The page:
One of the biggest industry trends over the last decade as more and more security devices have been brought onto the corporate network, is the convergence of physical security with IT. Increasingly, physical security managers have had to work with their IT departments on the purchase and installation of security equipment, because many of these devices have a significant impact on an organization’s IT backbone.
These two sides of the house not always played well together. While the physical security executive wants to have all of the tools possible at his or her disposal to mitigate risks, the IT manager has to be concerned about how these devices interface with the network and the additional resources that will have to be devoted to bringing them online.
I recently spoke with Julian Lovelock, vice president of marketing at HID Global Identity Assurance, about trends in the convergence of physical and logical access and he believes that it just makes good business sense for workers to have a credential that not only provides secure access to a facility, but to data as well. "It’s a pretty logical extension to offer our customers an end-to-end solution that secures access to not just buildings, but computer systems as well," he says.
Though he feels the common access card (CAC) is the "poster child" for the manifestation of convergence for many people, Lovelock says that in a broader sense, convergence is about these two sides – IT and physical security – coming together to address security concerns throughout the enterprise. "Already you’re seeing convergence in terms of the planning and deployment of these systems with the IT department being heavily involved, where they weren’t five years ago," he says. "If you look at user management or identity management within an organization, increasingly the physical access control systems are relying on access directories which are the prerogative of the IT department – for the primary definition of a user."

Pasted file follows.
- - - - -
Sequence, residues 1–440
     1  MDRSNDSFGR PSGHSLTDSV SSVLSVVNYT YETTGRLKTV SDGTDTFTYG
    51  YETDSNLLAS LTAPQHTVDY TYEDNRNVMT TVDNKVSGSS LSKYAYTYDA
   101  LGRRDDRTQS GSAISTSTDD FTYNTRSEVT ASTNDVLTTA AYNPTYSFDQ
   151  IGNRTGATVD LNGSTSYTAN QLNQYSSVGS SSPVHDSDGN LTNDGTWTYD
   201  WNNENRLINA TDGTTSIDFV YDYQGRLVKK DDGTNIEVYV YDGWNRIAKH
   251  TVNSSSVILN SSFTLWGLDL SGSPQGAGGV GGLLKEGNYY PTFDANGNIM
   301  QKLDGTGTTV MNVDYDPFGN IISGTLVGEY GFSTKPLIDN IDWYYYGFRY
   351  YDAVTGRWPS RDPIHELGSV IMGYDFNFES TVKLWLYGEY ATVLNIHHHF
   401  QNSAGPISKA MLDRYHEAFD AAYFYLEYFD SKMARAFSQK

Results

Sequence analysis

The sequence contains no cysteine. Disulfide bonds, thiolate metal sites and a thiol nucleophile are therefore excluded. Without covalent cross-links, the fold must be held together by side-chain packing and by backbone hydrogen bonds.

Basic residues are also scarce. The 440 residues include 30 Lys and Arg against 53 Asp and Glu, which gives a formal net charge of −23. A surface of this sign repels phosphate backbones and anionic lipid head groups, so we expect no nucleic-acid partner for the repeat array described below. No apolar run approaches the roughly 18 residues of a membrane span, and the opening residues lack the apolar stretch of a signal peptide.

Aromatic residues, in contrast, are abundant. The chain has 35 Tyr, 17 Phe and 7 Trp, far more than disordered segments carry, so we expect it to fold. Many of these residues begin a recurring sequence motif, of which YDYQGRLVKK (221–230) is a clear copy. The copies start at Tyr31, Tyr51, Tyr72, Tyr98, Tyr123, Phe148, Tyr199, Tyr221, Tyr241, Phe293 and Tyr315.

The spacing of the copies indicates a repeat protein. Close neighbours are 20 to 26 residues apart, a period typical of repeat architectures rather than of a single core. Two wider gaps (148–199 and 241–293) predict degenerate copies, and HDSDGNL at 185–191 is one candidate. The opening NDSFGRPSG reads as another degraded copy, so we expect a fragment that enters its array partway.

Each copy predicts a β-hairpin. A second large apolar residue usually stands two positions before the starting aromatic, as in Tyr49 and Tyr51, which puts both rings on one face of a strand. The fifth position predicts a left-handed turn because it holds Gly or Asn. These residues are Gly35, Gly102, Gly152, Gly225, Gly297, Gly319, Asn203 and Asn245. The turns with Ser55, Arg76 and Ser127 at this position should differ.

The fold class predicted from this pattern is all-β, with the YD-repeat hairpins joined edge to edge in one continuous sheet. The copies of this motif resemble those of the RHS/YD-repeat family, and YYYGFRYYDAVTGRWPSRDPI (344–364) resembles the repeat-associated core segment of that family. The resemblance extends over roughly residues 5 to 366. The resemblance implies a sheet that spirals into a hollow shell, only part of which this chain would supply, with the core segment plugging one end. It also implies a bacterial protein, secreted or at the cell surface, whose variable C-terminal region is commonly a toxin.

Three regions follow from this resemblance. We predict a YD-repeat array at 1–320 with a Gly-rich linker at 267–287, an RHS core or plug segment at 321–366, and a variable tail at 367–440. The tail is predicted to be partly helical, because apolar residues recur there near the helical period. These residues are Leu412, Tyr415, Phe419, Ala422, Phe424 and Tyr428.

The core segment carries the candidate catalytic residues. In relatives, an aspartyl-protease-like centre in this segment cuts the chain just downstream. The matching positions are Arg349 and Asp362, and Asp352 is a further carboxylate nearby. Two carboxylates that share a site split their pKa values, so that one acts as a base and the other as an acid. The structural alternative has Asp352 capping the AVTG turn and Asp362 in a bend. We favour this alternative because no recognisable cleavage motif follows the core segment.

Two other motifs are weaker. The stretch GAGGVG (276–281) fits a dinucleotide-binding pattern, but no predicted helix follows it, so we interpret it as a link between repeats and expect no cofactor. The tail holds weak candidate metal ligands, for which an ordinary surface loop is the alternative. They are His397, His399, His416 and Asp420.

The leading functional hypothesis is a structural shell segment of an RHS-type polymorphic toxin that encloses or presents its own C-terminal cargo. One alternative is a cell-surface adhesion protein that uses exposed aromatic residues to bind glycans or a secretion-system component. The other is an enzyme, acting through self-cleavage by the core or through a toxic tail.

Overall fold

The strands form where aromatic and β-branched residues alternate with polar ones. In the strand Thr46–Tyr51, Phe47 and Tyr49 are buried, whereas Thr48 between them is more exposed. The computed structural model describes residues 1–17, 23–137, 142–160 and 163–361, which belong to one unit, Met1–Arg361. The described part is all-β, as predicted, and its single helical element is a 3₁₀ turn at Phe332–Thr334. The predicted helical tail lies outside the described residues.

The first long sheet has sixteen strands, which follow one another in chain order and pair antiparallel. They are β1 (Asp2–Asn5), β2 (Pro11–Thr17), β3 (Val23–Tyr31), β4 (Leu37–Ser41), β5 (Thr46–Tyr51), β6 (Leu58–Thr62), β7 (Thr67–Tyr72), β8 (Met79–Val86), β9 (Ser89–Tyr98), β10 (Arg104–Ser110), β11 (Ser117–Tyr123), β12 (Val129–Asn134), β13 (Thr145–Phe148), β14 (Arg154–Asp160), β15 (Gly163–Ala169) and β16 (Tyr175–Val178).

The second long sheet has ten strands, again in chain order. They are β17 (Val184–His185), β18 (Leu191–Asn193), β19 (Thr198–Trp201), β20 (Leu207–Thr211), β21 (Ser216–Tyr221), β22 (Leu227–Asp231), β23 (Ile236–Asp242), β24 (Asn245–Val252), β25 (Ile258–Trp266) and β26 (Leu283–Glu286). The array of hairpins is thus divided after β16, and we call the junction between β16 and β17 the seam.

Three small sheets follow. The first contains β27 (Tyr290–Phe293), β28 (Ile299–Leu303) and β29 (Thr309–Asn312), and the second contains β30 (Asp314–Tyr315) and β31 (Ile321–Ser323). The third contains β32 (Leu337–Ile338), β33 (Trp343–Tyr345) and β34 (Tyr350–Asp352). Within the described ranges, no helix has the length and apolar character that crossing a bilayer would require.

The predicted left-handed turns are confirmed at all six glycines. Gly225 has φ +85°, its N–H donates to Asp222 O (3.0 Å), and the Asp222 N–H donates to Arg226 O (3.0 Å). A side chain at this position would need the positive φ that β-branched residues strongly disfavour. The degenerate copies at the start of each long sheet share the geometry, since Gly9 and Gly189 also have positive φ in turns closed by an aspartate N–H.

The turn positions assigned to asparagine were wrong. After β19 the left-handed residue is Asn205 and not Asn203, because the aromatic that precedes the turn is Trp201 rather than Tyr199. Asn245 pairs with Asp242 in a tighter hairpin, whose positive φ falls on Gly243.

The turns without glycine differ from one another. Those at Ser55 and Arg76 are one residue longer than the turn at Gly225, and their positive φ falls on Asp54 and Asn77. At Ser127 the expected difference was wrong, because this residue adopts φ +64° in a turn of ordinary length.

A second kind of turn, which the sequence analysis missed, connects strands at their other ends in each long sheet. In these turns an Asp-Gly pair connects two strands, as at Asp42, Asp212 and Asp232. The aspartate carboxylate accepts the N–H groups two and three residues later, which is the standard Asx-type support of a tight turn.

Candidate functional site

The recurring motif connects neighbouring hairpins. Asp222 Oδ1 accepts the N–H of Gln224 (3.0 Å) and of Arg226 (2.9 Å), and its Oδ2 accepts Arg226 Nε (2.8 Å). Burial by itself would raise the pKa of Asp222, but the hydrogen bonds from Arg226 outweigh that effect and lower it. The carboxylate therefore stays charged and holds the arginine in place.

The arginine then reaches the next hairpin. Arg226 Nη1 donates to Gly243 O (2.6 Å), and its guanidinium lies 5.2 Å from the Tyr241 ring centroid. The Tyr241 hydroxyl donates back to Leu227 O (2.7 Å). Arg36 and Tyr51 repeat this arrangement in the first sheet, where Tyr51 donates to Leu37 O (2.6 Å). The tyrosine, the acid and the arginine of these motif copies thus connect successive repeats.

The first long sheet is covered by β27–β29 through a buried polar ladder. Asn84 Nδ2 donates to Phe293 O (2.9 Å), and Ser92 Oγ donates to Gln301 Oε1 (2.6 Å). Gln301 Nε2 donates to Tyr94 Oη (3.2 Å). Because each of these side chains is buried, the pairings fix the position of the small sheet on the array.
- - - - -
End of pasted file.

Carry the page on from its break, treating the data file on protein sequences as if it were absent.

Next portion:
When it comes to vertical markets that have been fast to embrace convergence, Lovelock says that that federal government is one of biggest with its issuance of nearly four million PIV cards, followed by healthcare facilities and the high-tech industry - both of which have their own unique circumstances that encourage convergence. Currently, Lovelock says there are three things driving the desire for converged solutions: Cost savings, end-user acceptance and compliance.
Barriers to Conquer
Despite an increased desire for convergence in specific markets, some integrators are still lagging in their knowledge of IT systems. Lovelock says that while most of the larger security integrators are comfortable working on installations that require a high degree of IT competence, many smaller integration firms have no interest in delving into the IT realm.
Perhaps the biggest obstacle to convergence, be it in access control, video surveillance or any other realm of security, is getting the physical security and IT department to merge their budgets for a common cause.
"You still see two different organizations within an end-user in terms of the physical access control guys and the IT security guys," Lovelock says. "As I’ve said, they are increasingly working together, but it’s really only in the more innovative companies - many of whom have a CISO position or a CSO position into which both of these teams report - that you see a willingness to pool budgets for a converged solution. It takes somebody within that organization that has a purview across both groups to drive that."
The challenge for organizations and the security industry as a whole is clear: Security cannot function separate from IT, nor can IT function separately from security. End-users and integrators have to realize that security departments and the tools they use no longer work in individual silos. This is easier said than done in an era of shrinking budgets and being asked to do more with less, but the goal of every department within an organization should be the same – to enable success.